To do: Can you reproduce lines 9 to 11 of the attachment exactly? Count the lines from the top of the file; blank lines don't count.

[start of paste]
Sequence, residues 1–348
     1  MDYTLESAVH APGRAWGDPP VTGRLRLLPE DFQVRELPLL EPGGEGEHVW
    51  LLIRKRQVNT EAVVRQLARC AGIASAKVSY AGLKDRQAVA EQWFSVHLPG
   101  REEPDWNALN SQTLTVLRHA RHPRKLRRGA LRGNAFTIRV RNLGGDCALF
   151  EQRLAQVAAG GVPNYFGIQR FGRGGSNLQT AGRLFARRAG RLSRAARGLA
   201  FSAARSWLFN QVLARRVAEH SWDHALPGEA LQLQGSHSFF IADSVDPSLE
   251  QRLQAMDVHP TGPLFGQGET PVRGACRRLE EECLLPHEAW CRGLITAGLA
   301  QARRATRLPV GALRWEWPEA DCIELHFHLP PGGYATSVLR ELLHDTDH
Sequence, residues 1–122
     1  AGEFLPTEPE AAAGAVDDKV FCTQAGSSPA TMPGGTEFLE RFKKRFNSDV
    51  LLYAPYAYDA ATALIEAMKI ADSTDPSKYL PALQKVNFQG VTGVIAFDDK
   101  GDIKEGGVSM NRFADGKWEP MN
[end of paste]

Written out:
Sequence, residues 1–122
     1  AGEFLPTEPE AAAGAVDDKV FCTQAGSSPA TMPGGTEFLE RFKKRFNSDV
    51  LLYAPYAYDA ATALIEAMKI ADSTDPSKYL PALQKVNFQG VTGVIAFDDK